NYPD chase HELICOPTER which landed twice in one day in vacant parking lot before flying to NJ

0

A rogue helicopter pilot led the NYPD on a 70-mile chase over the New York City skyline after picking up passengers from vacant Brooklyn lot before landing at an airport in central New Jersey.

Witnesses in residential Brooklyn were stunned to see the helicopter land on the undeveloped corner lot of Crown Heights and pick up two passengers around 1:30 p.m.

“It was something else – not something you see every day,” said a witness.

The witness’s wife said she saw the helicopter take off and land twice, with someone coming out briefly the second time, the newspaper reported.

An NYPD patrol was alerted by air traffic controllers at JFK Airport and followed the helicopter to Lakewood Township Municipal Airport, where the video shows the cops talking to the pilot.

Scroll down for the video.

A helicopter landed in Lakewood, New Jersey Thursday after leading the NYPD in a chase after an unauthorized landing to pick up passengers in Crown Heights, Brooklyn

A helicopter landed in Lakewood, New Jersey Thursday after leading the NYPD in a chase over an unauthorized landing to pick up passengers in Crown Heights, Brooklyn

Lakewood Municipal Airport on-site manager Kevin McKenzie said the conversation between the pilot and the NYPD was

Lakewood Municipal Airport on-site manager Kevin McKenzie said the conversation between the pilot and the NYPD was “cordial”

The parking lot where the illegal landings took place

The parking lot where the illegal landings took place

Footage from The Lakewood Scoop shows the police helicopter landing first and officers then walking towards the helicopter as it lands.

The pilot of the helicopter, which was a New York-based R66 Robinson, appeared to descend without any penalty, according to Kevin McKenzie, the on-site manager at Lakewood Municipal Airport.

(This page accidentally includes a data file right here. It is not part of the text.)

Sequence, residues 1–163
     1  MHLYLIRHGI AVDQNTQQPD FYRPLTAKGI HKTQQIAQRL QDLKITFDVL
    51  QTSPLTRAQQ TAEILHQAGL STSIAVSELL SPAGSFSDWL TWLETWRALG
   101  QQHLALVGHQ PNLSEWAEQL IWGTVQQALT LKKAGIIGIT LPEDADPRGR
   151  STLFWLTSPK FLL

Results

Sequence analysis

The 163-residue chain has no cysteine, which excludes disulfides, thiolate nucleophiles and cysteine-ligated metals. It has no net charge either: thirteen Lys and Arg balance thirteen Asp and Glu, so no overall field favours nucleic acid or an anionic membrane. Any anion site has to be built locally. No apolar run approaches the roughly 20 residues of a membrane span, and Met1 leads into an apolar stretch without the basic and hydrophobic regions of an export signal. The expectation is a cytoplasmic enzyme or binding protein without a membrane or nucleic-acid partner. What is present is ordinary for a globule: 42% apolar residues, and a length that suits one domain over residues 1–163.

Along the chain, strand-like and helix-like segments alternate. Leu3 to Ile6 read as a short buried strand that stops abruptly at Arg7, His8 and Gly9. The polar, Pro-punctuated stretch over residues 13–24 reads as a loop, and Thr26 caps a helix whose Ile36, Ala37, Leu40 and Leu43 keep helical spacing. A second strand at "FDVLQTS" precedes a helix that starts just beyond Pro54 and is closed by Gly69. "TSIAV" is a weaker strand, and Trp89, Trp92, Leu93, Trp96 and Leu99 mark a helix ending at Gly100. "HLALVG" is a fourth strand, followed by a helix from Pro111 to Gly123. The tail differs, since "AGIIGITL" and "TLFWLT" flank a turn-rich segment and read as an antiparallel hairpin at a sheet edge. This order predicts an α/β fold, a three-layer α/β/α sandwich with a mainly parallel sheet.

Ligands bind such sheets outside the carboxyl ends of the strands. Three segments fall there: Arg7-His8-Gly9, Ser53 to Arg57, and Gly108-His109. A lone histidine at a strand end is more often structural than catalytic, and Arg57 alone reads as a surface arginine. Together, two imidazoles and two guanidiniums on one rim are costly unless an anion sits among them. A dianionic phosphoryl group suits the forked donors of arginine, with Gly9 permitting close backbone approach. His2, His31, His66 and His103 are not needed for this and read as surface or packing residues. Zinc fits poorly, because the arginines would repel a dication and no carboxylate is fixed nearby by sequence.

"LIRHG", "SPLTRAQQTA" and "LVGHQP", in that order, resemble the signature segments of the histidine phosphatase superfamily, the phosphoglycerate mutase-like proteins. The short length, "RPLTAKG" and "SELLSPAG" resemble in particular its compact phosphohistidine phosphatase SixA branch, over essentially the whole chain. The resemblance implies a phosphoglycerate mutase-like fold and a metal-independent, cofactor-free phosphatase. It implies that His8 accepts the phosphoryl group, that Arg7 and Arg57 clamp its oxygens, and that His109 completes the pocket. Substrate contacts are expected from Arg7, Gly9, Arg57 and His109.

“They were talking people, and they each went their own way,” he said. “That helicopter left, and the police helicopter left, and they went north.”

New York law prohibits helicopters from landing on city streets or on vacant lots.

NYPD sources said the pilot told police he didn’t know he couldn’t do this.

Air traffic controllers at JFK Airport in Queens said the helicopter had permission to be in the area, according to reports.

McKenzie was skeptical that the pilot did not know the landing rules.

“Rules and regulations, they force it in your head. You need to know that when you pass your test, ”McKenzie said. “You’re breaking the rules, someone will find you. ”

The police helicopter landed in New Jersey before the helicopter it was chasing

The police helicopter landed in New Jersey before the helicopter it was chasing

The plane initially took off from John F. Kennedy Airport in New York

The plane initially took off from John F. Kennedy Airport in New York

The helicopter finally landed in Lakewood, a town in central New Jersey

The helicopter finally landed in Lakewood, a town in central New Jersey

Manhattan Borough President Gale Brewer (center), who led attempts by the city's congressional delegation to ban non-essential helicopters over the city, called the landing “ heinous and dangerous

Manhattan Borough President Gale Brewer (center), who led attempts by the city’s congressional delegation to ban non-essential helicopters over the city, called the landing “ heinous and dangerous “

The illegal helicopter flight originated from the undeveloped land at the corner of Troy and Carroll streets, which is surrounded by four-story townhouses and surrounded primarily by doctors’ offices and butcher shops.

The unidentified passengers boarded the helicopter in front of a gentrifying neighborhood synagogue before heading to Lakewood.

Helicopters have become a political issue in New York City, as congressional lawmakers and the Manhattan Borough President launched a campaign to ban non-essential helicopters from overhead the city.

“It’s completely odious and dangerous. There should be a full and independent investigation into this incident, ”Manhattan Borough President Gale Brewer told DailyMail.com on Friday.

“What happened yesterday in Brooklyn is another example of how helicopters are treating New York City like a ‘wild, wild West.’ Transportation Secretary Pete Buttigieg and the FAA must crack down on risky practices and hazards of helicopter operators.

The city has three helipads for public use, all located in Manhattan – at West 30th Street, East 34th Street, and Pier 6 on the East River in Lower Manhattan.

When asked to comment, the NYPD referred DailyMail.com to the Federal Aviation Administration. The FAA is investigating the incident.


Source link

Share.

About Author

Comments are closed.